John Maynard Keynes famously summarized his recipe for spurring growth as having the government pay people to “dig holes in the ground and then fill them up.” It’s only fitting that Keynes’s most famous contemporary disciple, the New York Times’s Paul Krugman, is adept at digging holes. Krugman has never met a criticism of Keynesian stimulus spending that he didn’t try to shout down, even at the price of torturing data.
Last week, Krugman was in rare form. With most of Europe on the edge of a fiscal cliff, a recent article in the Global Post pointed out that one country in the eurozone, Estonia, has a “fiscal surplus, low debt, and soaring growth.” Not only that, Estonia’s success might be because “the country, led by President Toomas Hendrik Ilves, has cut government budgets, slashed civil servants’ salaries, and raised the pension age.” This not only flies in the face of Keynesian economics, but jars every liberal bone in Krugman’s body. So the Princeton professor produced a chart on his New York Times blog showing that since 2007 Estonia has endured “a terrible—Depression-level—slump, followed by a significant but still incomplete recovery.” Speaking of incomplete, if you look at Estonia’s economic performance over the last decade, GDP has tripled. And it had nearly quadrupled at the peak of the bubble in 2007, a suspiciously convenient point in time for Krugman to begin evaluating the country’s economy. Estonia’s economic growth is still moving at a healthy clip if you look at any trend line longer than the five years chosen by Krugman.
One person who helpfully pointed this out was Estonia’s American-educated president, Toomas Hendrik Ilves, who took to Twitter and began rather amusingly lambasting Krugman: “Let’s write about something we know nothing about & be smug, overbearing & patronizing. . . . Guess a Nobel in trade means you can pontificate on fiscal matters & declare my country a ‘wasteland.’ ” Krugman responded on his blog, “I’m hearing from various sources that my rather mild-mannered post on Estonia has generated a vitriolic response from the nation’s president. I’m not going to try to track the thing down.”
That last line is a hoot. A New York Times columnist has no shortage of paid help to track down a few tweets. And tellingly, Krugman pretends the dispute is about manners (not that he’s a winner on that score, either) rather than about his own tendentious use of the data. What’s more, this is not some random critic he brushes off but a man who might know a bit more about Estonia’s economy than Krugman does.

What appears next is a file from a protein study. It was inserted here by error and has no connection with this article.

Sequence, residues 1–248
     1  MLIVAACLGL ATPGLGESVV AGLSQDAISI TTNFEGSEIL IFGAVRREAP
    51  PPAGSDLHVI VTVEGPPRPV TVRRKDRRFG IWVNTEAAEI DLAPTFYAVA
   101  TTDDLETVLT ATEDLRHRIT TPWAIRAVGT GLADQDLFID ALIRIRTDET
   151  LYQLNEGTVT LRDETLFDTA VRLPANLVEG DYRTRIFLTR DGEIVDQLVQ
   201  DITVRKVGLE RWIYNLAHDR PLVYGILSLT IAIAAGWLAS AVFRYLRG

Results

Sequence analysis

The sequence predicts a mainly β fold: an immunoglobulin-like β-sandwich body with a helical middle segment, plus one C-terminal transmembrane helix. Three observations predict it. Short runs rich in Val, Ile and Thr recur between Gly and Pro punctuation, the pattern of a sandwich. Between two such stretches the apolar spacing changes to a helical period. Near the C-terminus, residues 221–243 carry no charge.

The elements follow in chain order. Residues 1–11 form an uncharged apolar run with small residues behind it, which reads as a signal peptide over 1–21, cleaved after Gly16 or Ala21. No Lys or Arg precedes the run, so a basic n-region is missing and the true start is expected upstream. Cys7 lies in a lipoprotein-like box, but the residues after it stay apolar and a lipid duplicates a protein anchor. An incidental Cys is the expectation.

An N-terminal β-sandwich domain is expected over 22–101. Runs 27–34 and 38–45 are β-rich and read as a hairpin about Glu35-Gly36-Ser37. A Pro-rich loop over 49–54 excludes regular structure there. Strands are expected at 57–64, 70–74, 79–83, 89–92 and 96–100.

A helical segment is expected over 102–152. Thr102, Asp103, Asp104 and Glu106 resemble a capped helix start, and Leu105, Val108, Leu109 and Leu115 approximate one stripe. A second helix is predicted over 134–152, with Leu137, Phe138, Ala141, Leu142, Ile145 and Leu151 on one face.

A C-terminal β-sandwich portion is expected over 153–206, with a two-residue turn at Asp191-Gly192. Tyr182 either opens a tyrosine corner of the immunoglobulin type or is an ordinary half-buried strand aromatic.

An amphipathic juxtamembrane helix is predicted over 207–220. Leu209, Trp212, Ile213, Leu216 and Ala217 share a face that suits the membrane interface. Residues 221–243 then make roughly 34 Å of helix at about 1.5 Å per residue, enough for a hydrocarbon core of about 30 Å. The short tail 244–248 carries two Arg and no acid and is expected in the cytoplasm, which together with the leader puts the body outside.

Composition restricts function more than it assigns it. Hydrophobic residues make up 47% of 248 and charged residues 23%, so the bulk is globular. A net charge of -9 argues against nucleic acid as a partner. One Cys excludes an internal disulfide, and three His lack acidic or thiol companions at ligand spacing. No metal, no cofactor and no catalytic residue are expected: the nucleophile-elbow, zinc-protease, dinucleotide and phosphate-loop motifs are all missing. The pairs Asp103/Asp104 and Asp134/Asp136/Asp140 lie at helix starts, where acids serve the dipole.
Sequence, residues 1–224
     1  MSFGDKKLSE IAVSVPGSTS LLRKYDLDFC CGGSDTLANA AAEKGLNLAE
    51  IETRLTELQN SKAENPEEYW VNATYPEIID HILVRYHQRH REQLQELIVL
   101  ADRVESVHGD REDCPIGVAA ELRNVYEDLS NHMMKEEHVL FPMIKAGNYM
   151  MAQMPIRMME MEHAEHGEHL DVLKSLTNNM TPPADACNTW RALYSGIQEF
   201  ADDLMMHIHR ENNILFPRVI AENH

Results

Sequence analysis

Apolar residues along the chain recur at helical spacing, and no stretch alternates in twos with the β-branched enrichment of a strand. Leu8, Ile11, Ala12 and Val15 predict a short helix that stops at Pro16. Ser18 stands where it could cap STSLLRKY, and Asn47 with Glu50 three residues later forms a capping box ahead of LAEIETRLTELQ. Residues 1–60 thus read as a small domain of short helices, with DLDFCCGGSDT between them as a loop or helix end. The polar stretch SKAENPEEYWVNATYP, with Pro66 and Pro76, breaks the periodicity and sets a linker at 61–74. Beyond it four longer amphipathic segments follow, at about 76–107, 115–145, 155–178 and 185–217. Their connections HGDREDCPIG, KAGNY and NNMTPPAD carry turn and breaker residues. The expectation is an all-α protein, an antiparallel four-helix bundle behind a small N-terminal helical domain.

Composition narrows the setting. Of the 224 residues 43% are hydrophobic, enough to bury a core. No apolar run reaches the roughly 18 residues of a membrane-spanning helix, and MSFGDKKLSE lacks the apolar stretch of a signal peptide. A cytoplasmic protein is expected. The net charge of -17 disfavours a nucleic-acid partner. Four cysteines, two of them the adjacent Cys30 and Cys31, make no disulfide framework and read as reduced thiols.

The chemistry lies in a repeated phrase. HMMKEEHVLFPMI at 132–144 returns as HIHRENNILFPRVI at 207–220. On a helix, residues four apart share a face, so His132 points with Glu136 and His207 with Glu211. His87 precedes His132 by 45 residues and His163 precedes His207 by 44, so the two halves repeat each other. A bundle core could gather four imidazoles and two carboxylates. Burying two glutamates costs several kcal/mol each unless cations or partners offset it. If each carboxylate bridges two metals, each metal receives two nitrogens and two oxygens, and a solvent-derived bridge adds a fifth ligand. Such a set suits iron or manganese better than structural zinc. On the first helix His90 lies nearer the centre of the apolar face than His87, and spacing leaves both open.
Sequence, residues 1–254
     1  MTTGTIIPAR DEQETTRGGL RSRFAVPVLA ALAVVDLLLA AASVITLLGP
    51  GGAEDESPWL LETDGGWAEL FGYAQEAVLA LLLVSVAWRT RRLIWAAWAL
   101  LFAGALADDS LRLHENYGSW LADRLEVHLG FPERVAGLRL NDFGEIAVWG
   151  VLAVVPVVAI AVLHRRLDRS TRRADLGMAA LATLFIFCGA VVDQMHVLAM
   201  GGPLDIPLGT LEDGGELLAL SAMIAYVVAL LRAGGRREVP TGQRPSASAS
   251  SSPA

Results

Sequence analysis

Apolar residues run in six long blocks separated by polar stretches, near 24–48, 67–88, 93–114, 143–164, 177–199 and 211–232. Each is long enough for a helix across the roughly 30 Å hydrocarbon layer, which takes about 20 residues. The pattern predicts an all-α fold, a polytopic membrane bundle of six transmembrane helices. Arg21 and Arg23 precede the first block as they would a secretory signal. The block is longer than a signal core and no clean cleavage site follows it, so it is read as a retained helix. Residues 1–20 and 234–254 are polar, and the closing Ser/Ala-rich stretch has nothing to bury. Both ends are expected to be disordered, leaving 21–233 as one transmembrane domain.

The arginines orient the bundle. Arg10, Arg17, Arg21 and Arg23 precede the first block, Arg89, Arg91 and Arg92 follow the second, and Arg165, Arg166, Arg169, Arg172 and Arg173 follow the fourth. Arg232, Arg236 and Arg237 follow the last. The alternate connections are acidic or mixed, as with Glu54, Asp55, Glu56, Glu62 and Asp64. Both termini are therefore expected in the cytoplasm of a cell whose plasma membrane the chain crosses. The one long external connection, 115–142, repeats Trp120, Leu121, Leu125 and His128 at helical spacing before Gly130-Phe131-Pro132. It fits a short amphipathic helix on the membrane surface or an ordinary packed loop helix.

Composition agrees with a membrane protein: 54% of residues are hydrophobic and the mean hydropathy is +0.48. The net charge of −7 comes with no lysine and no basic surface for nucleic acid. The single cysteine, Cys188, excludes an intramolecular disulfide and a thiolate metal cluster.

David Case of the Global Post—who’s no conservative, by the way—followed up on the Twitter dustup, asking “why did Professor Krugman peg his chart to the peak of Estonia’s bubble? Doesn’t that simply demonstrate that Estonia has yet to re-capture the frothy, debt-driven bubble of 2007?” Case noted that since Estonia is a small country with no debt, it may not be a model for handling fiscal crises in Greece or Spain. Nonetheless, “its recovery, after implementing austerity, is intriguing. . . . Lord knows, Europe could benefit from any insights.”
Indeed, European leaders need all the insight they can get. The Scrapbook’s advice to them: Don’t try to track it down in Krugman’s column.
The Obama Vogue
The moment last week at which The Scrapbook felt a twinge, just a twinge but a piercing twinge, of mortification on behalf of President Obama was not the crushing defeat at the polls of public employee unions—and in Wisconsin, of all places, where they were born. No, it came as we watched a video of Vogue editor Anna Wintour as she advertised a raffle to attend an Obama fundraiser in New York City.
Readers are probably aware of the gory details. The villainess of The Devil Wears Prada, wearing her signature severe pageboy hairdo and sitting in her Mussolini-style office, invites the great unwashed to enter a lottery to win two seats (“the two best seats in the house”) at a $40,000-per-person Obama fundraiser at the fabulous New York home of Sex and the City star Sarah Jessica Parker.
Everything imaginable designed not to appeal to the average American voter is in evidence: The chic Manhattan venue, Wintour’s plummy British accent (“Mee-chelle Obama”) and condescending manner, the noblesse oblige of a place at the table for two people who can’t afford one. Indeed, it is difficult to decide which is worse: the spectacle of rich Democrats dining with two doyennes of High Fashion on behalf of the 99 percent, or the calculated insult to the poor slobs who would demean themselves for a seat at their table. (“After dinner, you and your guest are invited to join us at a private concert with Mariah Carey,” reads an email from the first lady.)